6.2 Data Members

A class can have static and nonstatic data members. The static storage class specifies a static data member; with no storage class, a data member is nonstatic. No other storage class specifier is allowed. Every object has its own copy of the class's nonstatic data members, and they share a single copy of each static data member. A data member can also be declared with cv-qualifiers. See Chapter 2 for more information about storage class specifiers and cv-qualifiers.

You declare data members as you would local variables in a function, except you cannot usually supply initializers. Instead, nonstatic data members are initialized in the class's constructors. See Section 6.3 later in this chapter for details.

Data members are typically declared at the private access level. See Section 6.5 later in this chapter for details.

6.2.1 Data Layout


Nonstatic data members are organized so that members declared later have higher addresses than those declared earlier. Access specifier labels, however, can interrupt the order, and the relative order of members separated by an access specifier label is implementation-defined. Writing code that depends on the layout of a class is usually a bad idea, but when interfacing with external code, it is sometimes unavoidable. See Section 6.1.1 earlier in this chapter for more information.

The layout of base-class subobjects within a derived-class object is also unspecified. If a base class appears more than once in the inheritance graph, it will have multiple copies of its data members in the derived-class object, unless the inheritance is virtual. See Section 6.4 later in this chapter for more information.

Individual data members might have specific alignment requirements, so the compiler can insert padding between members. Thus, adjacent member declarations might not have adjacent addresses.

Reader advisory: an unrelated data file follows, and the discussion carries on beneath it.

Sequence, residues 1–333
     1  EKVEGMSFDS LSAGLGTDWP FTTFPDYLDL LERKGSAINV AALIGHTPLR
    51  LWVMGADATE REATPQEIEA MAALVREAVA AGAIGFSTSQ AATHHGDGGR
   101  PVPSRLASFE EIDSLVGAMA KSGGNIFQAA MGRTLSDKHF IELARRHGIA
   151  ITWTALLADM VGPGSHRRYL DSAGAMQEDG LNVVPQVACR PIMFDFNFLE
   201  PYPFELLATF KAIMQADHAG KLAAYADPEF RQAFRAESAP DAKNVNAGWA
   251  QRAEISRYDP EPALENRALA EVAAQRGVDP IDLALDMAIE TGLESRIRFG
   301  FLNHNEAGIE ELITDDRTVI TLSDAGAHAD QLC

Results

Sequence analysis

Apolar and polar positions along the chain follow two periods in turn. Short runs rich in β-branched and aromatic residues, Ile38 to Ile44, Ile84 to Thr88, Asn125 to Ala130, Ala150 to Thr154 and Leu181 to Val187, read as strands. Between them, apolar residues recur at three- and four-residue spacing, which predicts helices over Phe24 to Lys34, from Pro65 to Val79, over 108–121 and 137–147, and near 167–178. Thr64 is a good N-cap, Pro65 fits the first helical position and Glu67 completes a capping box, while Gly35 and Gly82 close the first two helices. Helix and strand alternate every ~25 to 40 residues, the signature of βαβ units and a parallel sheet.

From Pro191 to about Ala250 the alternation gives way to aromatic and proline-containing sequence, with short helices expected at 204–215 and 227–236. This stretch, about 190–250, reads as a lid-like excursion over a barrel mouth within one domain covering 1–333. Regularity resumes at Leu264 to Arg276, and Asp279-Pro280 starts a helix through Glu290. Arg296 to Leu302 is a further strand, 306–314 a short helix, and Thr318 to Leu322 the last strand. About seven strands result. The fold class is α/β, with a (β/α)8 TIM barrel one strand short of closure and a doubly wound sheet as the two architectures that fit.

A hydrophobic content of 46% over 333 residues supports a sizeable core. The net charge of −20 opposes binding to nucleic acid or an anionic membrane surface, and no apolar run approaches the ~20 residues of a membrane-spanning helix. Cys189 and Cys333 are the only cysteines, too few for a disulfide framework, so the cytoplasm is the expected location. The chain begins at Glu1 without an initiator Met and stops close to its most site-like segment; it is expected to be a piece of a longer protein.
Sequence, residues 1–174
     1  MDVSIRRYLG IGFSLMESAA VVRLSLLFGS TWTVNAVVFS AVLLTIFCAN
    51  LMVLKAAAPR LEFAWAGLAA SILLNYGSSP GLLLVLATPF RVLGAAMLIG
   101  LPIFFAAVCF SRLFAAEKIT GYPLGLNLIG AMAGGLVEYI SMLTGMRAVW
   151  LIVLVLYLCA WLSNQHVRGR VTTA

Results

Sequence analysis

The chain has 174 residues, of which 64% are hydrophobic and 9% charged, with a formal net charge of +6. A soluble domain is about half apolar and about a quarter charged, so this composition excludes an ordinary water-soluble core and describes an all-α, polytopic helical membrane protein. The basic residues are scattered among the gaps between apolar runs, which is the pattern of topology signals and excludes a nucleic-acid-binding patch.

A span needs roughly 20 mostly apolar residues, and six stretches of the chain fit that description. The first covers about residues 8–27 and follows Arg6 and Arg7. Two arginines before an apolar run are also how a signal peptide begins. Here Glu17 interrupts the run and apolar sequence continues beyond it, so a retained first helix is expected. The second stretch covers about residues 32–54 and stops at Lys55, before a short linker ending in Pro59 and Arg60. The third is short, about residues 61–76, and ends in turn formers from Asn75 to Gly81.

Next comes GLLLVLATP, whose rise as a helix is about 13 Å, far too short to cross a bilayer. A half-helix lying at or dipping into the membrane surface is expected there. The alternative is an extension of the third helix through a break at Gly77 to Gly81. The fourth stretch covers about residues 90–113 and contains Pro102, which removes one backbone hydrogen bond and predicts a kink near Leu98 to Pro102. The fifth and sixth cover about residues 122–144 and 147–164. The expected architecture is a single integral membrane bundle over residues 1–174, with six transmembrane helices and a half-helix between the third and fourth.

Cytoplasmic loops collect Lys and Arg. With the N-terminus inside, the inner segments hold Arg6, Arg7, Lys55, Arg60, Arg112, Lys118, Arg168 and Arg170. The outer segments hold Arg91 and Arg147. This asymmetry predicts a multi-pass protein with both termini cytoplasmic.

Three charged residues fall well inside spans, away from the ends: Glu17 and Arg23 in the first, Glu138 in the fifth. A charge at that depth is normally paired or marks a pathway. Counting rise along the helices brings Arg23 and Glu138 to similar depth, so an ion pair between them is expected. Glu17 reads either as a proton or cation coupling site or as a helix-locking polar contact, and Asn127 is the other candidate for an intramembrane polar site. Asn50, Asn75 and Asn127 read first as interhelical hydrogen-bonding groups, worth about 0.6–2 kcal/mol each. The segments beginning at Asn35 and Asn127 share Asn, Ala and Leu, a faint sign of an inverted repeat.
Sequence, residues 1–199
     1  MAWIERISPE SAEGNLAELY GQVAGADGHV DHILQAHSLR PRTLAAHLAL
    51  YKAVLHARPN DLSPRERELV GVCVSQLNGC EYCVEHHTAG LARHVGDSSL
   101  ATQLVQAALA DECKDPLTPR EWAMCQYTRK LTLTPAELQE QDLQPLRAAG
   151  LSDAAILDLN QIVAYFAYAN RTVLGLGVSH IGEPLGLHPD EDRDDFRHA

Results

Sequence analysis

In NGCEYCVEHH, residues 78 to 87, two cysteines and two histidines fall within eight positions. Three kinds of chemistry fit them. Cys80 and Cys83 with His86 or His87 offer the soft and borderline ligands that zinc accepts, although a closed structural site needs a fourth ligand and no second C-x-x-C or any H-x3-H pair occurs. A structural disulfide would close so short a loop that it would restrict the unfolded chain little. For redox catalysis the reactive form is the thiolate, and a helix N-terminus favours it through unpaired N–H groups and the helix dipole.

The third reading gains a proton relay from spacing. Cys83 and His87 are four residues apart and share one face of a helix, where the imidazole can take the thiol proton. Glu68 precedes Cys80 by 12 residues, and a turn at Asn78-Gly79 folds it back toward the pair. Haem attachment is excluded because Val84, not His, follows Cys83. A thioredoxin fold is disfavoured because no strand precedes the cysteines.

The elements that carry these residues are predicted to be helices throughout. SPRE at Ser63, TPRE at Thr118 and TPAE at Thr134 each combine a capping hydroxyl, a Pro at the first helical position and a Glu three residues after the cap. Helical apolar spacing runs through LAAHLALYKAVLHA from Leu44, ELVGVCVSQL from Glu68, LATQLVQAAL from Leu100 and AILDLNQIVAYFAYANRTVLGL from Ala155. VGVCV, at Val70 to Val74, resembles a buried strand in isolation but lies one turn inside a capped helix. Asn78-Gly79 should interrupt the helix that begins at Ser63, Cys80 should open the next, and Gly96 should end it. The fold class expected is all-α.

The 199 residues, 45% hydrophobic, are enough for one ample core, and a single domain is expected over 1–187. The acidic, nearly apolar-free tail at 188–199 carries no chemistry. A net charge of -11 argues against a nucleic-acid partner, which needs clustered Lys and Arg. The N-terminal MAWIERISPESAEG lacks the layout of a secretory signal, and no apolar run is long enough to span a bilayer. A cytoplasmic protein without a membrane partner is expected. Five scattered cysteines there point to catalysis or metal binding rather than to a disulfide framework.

Even if a class has no nonstatic data members, the size of the object is guaranteed to be greater than zero. If the class is used as a base class, however, the compiler can optimize the base-class subobject so it has a size of 0 within the derived class.

6.2.2 Mutable Data Members

A nonstatic data member can be declared with the mutable type specifier. A mutable member can be changed even when the object is const.

Mutable members are often used to implement a class that can have objects that are logically constant, even if they are not physical constants. For example, a class can implement a private cache with a mutable data member. Suppose you are writing a class, bigint, that implements very large integers. The to_double member function computes an approximation of the value as a floating-point number. Instead of computing this value each time to_double is called, the bigint class saves the value after the first call and returns the cached value for the second and subsequent calls. When calling to_double for a const bigint, you still want to be able to modify the bigint object to cache the floating-point value, so the cache is declared mutable, as shown in Example 6-5.

Example 6-5. Caching a value in a mutable data member
class bigint {


  bigint(  ) : has_approx_(false) { ... }

  double to_double(  )



    if (! has_approx_) {

      approx_ = as_double(  );

      has_approx_ = true;


    return approx_;




  double as_double(  ) const;

  mutable double approx_;

  mutable bool has_approx_;



6.2.3 Bit-Fields

A nonstatic data member can be a bit-field, which is a sequence of bits packed into an object. The declarator for a bit-field uses a colon followed by an integral constant expression, which specifies the number of bits in the field. Example 6-6 shows the layout of the control word for an Intel x87 floating-point processor. (Whether this struct definition accurately maps to the actual control word layout is implementation-defined, but using the x87 control word is inherently nonportable, anyway.)